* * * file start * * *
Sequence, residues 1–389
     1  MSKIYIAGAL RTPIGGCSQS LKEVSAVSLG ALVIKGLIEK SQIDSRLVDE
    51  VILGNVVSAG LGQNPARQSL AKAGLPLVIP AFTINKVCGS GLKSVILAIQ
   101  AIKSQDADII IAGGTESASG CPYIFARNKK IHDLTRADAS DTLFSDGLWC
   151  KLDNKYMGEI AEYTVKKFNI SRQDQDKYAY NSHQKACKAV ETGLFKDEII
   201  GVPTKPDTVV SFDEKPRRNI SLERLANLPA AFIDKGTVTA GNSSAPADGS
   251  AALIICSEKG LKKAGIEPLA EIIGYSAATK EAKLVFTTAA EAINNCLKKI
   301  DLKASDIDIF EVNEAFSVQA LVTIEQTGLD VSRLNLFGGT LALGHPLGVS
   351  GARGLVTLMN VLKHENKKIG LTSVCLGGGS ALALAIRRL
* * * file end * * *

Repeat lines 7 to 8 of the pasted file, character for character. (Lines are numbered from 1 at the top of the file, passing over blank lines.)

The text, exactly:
   251  AALIICSEKG LKKAGIEPLA EIIGYSAATK EAKLVFTTAA EAINNCLKKI
   301  DLKASDIDIF EVNEAFSVQA LVTIEQTGLD VSRLNLFGGT LALGHPLGVS